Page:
BeoVox Cona Passive Subwoofer
Manufactured: 1989 - 1994
Designer: Jacob Jensen
Colours: Black, White, Grey.
The extra Bass
Beovox Cona functioned almost like a prompter who ensured that the sound didn't forget its 'lines'. It worked on the principle that the human ear cannot detect in which direction deep tones are coming from. Beovox Cona, like the newer BeoLab 2, could therefore be placed anywhere in a room with the rest of the music system to give it a deeper, much richer sound.
BeoVox Cona Passive Subwoofer Product Specifications
Long-term max. input power 125 watts
Max. noise power 60 watts
Impedance 6 ohms
Frequency range +4 -8 dB 40 - 195 Hz
Power at 96 dB SPL 5 watts
Sensitivity 1 W 89 dB
Cabinet principle Bass reflex
Woofer 20.5 cm Dual Voice Coil
Crossover frequency 175 Hz
Net volume 25 litre
Dimensions W x H: 43 x 27 cm
Weight 7.5 kg
- BeoLab 2 Active Subwoofer
- BeoVox C30/40/75 Passive Bookshelf Loudspeakers
- BeoVox CX50/100 Passive Bookshelf Loudspeakers
Created: 13th December 2006
Modified: 6th December 2009
Review by BeoWorld Member - Evan Bunner
The BeoVox Cona
Having waited very patiently for a Cona to come my way, I finally stumbled across not one, but two BeoVox Conas on the internet. I quickly arranged a demonstration the next day. It didn’t take very long to impress me. I loaded the pair into my car with a great sense of satisfaction. However, I had to wait for some din plugs I had ordered off the internet before I could start using them, so my excitement was slightly delayed.
My excitement soon resumed once I received my din connectors. I hastily fashioned them together with some surplus speaker wire of mine and proceeded to connect one of the Conas, as originally directed, to my BeoMaster 4500. Being a passive speaker, it is very handy when you have your Power link ports all filled up with your favorite BeoLab speakers.
Being able to channel both left and right signals to one diver through the Cona’s dual voice coil feature allows the Cona to produce BeoLab level sound at a BeoVox level price. However, I find that combining two signals in a single driver does make the sound much choppier than say if you were to connect two Conas, one signal assigned to each. Additionally, this fight over the driver can create some enclosure rattle, something that can become annoying in heavier listening. I find that a stereo configuration generates much more natural sound.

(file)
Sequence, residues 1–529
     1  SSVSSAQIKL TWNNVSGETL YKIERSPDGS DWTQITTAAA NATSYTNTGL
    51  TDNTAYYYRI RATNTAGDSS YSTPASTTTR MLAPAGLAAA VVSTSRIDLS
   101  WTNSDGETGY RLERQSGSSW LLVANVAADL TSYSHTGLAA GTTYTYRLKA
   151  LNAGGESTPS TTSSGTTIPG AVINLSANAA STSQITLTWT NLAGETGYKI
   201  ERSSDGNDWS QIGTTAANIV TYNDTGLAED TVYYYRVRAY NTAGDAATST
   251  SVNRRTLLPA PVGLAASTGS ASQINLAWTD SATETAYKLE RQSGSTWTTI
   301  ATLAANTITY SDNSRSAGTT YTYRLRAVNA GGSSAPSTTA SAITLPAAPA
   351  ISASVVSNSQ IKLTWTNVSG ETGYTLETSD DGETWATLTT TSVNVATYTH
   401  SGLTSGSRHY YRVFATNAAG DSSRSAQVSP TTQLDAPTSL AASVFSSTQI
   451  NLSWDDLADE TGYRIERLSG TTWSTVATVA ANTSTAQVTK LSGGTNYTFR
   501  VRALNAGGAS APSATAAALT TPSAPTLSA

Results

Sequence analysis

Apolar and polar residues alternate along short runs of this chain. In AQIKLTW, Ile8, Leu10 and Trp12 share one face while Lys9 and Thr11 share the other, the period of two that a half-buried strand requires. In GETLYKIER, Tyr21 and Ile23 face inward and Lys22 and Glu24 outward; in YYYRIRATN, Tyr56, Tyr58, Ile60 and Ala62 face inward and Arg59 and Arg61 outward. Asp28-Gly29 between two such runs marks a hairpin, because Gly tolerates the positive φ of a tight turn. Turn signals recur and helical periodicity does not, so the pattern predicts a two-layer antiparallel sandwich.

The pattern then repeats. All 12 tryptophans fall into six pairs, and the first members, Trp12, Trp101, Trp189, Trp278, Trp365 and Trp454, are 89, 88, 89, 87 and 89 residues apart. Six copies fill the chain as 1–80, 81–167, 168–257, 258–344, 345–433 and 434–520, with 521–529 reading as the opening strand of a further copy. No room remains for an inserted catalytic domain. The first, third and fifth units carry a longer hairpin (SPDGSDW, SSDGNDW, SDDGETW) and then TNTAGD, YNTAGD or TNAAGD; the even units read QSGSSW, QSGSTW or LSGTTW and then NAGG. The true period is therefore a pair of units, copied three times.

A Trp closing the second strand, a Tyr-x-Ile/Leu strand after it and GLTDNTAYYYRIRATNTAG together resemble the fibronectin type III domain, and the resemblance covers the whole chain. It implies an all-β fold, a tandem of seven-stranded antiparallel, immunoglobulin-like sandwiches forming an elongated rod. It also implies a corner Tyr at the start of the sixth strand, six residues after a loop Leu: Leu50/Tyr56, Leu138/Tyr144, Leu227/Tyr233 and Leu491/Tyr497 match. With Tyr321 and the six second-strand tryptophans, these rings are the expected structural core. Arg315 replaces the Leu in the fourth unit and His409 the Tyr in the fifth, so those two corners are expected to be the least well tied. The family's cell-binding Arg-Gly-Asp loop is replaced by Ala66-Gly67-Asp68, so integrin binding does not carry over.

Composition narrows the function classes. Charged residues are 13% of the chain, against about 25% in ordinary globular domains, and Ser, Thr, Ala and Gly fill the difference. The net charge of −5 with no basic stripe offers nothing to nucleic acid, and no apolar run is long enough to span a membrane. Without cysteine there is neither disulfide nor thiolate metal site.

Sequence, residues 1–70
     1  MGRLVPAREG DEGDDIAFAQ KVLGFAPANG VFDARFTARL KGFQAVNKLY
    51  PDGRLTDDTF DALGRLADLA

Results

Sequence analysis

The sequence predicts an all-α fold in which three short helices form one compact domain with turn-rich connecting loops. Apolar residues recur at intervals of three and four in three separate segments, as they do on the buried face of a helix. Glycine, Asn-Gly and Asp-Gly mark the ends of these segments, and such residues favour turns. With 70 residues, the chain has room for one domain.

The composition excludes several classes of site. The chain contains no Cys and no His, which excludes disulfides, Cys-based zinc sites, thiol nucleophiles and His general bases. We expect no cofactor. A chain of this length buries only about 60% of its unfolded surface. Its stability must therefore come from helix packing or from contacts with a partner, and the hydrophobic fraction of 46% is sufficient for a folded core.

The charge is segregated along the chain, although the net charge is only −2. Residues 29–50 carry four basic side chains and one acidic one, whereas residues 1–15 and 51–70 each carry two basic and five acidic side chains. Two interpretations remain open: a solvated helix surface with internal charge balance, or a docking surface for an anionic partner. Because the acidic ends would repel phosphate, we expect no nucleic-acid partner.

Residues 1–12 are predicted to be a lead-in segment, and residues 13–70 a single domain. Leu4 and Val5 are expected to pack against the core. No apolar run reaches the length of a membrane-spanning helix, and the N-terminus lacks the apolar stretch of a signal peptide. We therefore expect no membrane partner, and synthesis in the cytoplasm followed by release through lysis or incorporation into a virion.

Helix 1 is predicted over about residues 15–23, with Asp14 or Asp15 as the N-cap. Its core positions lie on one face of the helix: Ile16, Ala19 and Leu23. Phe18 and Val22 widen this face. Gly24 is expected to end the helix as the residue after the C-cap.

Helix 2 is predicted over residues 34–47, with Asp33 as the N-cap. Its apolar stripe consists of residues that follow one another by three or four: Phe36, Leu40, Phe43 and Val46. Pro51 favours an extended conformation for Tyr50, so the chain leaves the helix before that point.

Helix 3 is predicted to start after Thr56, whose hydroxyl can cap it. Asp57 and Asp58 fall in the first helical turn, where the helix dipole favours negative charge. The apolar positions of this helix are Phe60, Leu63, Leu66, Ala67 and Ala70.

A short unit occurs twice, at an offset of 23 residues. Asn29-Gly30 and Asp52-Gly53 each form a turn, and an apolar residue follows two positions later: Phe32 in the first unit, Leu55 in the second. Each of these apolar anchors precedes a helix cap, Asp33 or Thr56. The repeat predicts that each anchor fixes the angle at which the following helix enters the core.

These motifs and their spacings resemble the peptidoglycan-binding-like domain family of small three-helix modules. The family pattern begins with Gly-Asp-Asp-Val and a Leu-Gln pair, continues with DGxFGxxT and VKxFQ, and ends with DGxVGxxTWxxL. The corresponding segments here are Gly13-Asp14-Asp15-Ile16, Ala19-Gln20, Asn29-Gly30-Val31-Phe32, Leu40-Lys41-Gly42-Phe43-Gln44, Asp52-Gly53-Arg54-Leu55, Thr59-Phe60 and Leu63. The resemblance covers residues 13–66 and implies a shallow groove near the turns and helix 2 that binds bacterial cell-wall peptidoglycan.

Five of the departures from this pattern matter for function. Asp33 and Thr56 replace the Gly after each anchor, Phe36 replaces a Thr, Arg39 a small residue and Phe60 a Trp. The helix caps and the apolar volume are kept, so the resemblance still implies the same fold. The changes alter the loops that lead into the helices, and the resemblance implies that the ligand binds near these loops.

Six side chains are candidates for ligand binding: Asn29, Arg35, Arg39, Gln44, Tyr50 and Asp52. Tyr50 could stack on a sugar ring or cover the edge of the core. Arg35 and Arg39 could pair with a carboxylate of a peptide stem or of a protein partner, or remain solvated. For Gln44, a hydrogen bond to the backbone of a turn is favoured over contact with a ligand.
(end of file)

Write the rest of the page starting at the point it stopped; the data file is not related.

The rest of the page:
Since it is a passive speaker, the driver is much smaller than what you would find in an average standalone subwoofer, mostly due to the fact that it has to be able to perform on less power, keeping the Cona from being power hungry. This directly affects the range of the speaker. Being slightly smaller than most standalone subwoofers, the Cona is slightly heightened in the frequency range, making it more of a musical speaker while slightly lacking in movie listening. The heightened frequency range is not very noticeable at higher volumes due to the great amount of bass the Cona can deliver higher up on the volume scale.
In usual Bang & Olufsen style, things are much more aesthetically pleasing and interesting than the bland norm that comes with most other loudspeakers. The BeoVox Cona is no exception.
Visually, the BeoVox Cona generates several comments. First off, one notices the size, very large for a single driver, especially that of 8 inches. This quality quickly earned the title “ottoman” by my girlfriend. So far I have not found a corner the Cona could not squeeze into, so it is a very practical size. They are very subtle but can also retain a good focal point in a modernly appointed room. The roundness of the Cona is a nice departure from the cubic trend of standalone subwoofers we are all used to seeing. I like to maintain the idea that the form of the Cona also serves a function. Coming from the same time period that gave us the Penta and Red Line speakers, I believe that the Cona followed a common trend set by the Penta and Red Line speakers in utilizing a unique cabinet shape to reduce internal acoustic reflections and standing waves by removing parallel surfaces from the construction.
For the first attempt at an individual subwoofer, Bang & Olufsen hit a home run. The sound is very rich and full. The bass is very tight and responsive, even on as little as 55 watts. The bass is light in quantity down low on the volume scale, but can still annoy the neighbors when you crank up the volume. This is definitely a piece for collector interested in past Bang & Olufsen products.